Abeyance

Abeyance: a temporary halt, a temporary suspension.  A temporary period of disuse.

Abeyance shows up in English for the first time in 1528.  Initially, it has a legal meaning.  This makes sense.  After all, the word comes from the old French word abeiance.  The French word meant expectation, especially in a lawsuit.  In  a property dispute, for example, property rights might remain in abeyance until the matter is resolved.

Perhaps you inherited a large sum of money as an 8 year old.  Since no sane adult is going to hand a large sum of money to an 8 year old, the money will likely be held in abeyance.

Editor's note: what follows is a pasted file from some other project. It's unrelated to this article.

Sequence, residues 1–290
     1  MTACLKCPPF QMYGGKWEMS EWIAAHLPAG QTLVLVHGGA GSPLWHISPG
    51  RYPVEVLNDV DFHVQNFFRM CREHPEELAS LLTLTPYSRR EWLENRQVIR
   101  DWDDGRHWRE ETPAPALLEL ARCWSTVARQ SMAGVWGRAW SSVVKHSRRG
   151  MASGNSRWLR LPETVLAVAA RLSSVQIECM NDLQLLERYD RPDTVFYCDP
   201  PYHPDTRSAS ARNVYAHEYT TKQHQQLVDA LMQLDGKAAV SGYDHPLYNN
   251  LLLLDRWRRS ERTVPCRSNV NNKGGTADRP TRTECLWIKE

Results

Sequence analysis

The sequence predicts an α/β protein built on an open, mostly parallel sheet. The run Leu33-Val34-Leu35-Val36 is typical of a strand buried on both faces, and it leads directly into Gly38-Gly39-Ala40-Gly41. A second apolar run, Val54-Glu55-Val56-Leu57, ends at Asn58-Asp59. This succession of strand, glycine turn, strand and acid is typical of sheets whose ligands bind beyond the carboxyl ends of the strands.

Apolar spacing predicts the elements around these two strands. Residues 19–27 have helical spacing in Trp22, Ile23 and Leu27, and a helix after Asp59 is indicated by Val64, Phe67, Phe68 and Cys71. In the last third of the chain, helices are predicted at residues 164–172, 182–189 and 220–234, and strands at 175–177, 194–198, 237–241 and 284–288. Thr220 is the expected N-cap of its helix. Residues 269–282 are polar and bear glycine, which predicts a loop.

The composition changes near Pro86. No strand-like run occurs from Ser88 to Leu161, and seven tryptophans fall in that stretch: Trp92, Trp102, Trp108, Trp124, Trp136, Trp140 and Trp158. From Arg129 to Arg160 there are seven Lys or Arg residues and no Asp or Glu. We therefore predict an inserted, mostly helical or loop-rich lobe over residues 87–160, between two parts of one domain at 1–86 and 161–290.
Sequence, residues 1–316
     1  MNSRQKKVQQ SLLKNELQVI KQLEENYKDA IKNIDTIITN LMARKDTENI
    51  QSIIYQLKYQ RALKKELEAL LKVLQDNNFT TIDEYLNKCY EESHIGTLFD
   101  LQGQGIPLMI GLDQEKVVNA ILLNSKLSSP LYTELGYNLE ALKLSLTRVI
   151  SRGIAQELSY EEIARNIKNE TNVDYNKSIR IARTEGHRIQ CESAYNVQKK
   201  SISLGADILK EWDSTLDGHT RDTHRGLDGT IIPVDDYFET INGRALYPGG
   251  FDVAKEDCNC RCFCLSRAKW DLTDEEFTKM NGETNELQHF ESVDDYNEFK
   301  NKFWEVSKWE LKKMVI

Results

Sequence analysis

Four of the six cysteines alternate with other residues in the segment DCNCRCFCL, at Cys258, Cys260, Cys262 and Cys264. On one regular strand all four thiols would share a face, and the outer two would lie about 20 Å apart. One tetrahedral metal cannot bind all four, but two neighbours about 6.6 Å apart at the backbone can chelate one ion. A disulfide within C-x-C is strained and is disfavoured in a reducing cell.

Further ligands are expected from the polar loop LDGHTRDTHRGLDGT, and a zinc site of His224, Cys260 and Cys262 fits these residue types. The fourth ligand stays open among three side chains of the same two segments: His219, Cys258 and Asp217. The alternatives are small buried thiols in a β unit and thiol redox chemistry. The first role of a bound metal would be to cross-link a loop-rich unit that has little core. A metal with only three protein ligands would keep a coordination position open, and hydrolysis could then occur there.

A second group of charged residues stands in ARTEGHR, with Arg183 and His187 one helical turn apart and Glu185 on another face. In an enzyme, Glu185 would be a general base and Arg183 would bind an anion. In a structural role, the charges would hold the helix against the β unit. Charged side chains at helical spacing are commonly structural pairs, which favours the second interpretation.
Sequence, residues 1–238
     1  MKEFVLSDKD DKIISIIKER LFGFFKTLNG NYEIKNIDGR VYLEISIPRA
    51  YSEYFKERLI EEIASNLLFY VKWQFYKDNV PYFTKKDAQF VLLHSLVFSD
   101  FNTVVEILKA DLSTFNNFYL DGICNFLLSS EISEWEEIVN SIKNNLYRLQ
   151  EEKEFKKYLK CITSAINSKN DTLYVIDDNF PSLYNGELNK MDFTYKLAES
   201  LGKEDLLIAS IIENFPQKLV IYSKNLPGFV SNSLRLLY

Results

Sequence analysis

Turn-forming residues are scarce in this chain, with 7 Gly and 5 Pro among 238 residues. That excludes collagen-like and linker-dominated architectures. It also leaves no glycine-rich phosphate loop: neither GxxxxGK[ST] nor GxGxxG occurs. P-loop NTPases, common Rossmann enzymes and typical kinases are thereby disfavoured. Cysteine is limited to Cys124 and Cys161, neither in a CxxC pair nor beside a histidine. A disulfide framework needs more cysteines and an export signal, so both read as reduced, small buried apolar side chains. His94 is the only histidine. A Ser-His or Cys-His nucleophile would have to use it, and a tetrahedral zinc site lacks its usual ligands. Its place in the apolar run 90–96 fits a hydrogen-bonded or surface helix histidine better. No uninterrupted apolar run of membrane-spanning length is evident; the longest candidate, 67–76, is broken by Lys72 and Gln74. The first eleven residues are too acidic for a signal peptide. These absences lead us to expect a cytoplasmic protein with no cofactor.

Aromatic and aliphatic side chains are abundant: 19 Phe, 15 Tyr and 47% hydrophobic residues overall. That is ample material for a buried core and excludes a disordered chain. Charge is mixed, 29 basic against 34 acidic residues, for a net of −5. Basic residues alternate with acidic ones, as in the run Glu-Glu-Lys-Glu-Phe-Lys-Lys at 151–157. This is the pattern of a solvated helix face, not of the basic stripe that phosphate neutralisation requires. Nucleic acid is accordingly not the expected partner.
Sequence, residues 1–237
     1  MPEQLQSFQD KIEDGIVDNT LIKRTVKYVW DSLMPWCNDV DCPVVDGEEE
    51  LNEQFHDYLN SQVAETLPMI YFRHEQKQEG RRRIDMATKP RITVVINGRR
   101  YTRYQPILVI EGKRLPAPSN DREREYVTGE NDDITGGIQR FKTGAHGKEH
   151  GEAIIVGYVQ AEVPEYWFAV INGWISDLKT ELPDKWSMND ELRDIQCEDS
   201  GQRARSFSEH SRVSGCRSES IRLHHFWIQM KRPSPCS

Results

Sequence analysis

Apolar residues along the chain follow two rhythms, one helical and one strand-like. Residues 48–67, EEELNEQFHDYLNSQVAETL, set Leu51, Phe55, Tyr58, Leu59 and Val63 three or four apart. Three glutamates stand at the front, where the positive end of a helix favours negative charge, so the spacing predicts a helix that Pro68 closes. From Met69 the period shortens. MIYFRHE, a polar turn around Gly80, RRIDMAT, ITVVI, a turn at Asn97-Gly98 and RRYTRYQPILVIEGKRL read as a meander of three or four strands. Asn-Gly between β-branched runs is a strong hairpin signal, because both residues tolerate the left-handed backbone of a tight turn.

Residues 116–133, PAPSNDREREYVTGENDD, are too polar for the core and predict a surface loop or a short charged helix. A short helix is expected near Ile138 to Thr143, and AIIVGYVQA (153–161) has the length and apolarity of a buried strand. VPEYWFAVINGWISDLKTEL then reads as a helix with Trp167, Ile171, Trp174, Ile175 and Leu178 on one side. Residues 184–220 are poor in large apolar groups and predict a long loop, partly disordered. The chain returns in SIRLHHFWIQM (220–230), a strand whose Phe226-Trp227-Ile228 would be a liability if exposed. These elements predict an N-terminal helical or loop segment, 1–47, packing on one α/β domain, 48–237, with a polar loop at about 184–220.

By the way, if you are reading this and you are holding money in abeyance for me, I am in my 40’s now.  Go ahead and send the money.    

Abeyance, came through French from Latin.  In Latin the preposition ad means to, or toward.  Etymonline and The Dictionary of Word Origins, by John Ayto, claim that the rest of the word derives from the Latin verb batare meaning to yawn.  I am having a hard time verifying the word batare, but given the expectant meaning of abeyance I am inclined to agree.  I could see someone in abeyance yawning while waiting.